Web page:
Delete Prevention.kmmacros (4.4 KB)

I can confirm this solution works.

Making a macro group with these conditions (I included the "Clipboard panel):


Put this macro in it:

Confirm before Deletion.kmmacros (2.9 KB)

1 Like

There you have it. Don't go leaving the gas stove on and lighting a match ok? :smiley: .


Hey Guys,

@kcwhat did a good job on this, but I personally would find it too intrusive.

I've had a specific macro that rebuilds my ENV_PATH variable, since the day I first deleted it accidentally. The path is complicated, and I didn't want to have to reconstitute it again by hand:


So I've taken this thread as a nudge to write a variable backup script. It makes a snapshot of variables whose names start with "DND_" or "ENV_", and this is easily adjusted.

Each snapshot is saved to its own date-stamped folder in a given root snapshots folder.

I'll probably set this to run automatically at least once every week or two and give it a manual hotkey trigger as well.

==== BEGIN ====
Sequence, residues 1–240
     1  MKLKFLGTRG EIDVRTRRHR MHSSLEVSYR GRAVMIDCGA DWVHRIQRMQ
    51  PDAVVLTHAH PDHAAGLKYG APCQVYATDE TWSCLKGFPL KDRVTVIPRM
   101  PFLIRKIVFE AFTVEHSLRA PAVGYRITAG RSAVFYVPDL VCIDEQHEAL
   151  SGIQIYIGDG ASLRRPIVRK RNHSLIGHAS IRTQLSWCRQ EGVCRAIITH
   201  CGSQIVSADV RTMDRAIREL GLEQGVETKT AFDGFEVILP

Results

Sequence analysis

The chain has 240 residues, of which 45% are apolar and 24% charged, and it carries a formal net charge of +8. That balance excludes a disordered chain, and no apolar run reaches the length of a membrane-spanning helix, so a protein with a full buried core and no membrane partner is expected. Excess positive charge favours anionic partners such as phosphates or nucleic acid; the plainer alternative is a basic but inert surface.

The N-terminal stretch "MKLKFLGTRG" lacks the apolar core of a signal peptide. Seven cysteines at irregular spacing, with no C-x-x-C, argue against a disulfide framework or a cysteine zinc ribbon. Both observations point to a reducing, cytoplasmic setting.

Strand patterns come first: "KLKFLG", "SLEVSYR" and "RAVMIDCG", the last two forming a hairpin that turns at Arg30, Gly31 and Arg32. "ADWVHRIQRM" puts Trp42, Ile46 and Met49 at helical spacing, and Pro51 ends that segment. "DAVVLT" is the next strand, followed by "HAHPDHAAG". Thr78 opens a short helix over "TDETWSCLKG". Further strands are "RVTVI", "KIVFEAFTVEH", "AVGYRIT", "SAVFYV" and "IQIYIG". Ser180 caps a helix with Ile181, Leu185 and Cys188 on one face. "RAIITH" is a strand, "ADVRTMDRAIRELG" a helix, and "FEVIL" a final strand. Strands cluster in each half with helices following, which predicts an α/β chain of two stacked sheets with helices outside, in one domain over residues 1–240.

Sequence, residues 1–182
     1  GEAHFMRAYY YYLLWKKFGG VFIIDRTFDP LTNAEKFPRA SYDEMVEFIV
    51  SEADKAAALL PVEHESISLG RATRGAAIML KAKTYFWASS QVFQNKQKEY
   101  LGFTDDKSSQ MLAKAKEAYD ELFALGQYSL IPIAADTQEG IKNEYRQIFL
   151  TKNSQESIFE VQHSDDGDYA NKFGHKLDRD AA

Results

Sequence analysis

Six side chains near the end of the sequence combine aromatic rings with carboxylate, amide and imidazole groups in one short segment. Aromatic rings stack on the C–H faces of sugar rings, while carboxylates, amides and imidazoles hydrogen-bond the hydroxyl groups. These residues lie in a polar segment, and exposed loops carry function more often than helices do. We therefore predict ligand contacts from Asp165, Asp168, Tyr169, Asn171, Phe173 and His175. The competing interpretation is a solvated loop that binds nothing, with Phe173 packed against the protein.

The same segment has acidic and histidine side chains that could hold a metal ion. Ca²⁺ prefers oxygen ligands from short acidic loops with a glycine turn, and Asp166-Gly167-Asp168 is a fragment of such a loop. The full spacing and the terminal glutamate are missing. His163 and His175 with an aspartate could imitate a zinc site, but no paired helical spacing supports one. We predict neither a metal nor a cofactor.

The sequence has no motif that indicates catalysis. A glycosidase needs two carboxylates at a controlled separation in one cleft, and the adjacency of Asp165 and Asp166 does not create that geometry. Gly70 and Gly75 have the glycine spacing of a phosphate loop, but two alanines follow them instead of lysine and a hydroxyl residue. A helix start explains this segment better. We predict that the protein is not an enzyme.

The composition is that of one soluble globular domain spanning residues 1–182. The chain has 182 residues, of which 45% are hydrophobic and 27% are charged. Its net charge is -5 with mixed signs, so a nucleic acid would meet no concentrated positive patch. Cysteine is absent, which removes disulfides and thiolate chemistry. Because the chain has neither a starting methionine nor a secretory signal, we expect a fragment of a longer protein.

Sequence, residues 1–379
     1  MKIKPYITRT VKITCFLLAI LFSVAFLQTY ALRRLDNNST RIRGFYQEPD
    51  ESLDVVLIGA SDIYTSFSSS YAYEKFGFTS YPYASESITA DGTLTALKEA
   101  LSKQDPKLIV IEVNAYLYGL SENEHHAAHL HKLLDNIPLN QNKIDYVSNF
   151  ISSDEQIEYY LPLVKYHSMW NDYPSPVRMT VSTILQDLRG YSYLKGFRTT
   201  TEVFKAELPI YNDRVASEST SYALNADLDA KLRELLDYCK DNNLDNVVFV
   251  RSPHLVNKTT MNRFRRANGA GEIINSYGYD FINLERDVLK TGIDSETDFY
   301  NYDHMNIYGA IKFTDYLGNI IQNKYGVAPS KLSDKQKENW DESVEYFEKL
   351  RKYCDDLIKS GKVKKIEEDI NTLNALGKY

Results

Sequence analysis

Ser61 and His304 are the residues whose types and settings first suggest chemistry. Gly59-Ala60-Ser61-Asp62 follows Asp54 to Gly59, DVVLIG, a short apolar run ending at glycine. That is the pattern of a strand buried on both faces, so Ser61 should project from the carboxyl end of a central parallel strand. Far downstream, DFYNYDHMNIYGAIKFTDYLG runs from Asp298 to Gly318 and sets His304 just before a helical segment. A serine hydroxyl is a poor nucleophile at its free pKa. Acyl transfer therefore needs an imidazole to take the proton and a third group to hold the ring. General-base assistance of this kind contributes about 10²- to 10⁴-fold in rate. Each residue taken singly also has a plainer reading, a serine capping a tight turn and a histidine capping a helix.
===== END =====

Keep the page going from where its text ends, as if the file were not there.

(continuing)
AppleScript Code
# Auth: Christopher Stone <scriptmeister@thestoneforge.com>
# dCre: 2021/10/08 21:53
# dMod: 2021/10/08 21:53 
# Appl: Keyboard Maestro Engine
# Task: Create Snapshots of KM Variables Whose Names Start with the Given Prefixes.
# Libs: None
# Osax: None
# Tags: @Applescript, @Script, @ASObjC, @Keyboard_Maestro_Engine, @Create, @Snapshots, @Variables, @Prefixes
use AppleScript version "2.4" --» Yosemite or later
use framework "Foundation"
use scripting additions

set variableSnapShotsFolderPath to "~/Documents/Keyboard Maestro Stuff/Variable Snapshots – KM/"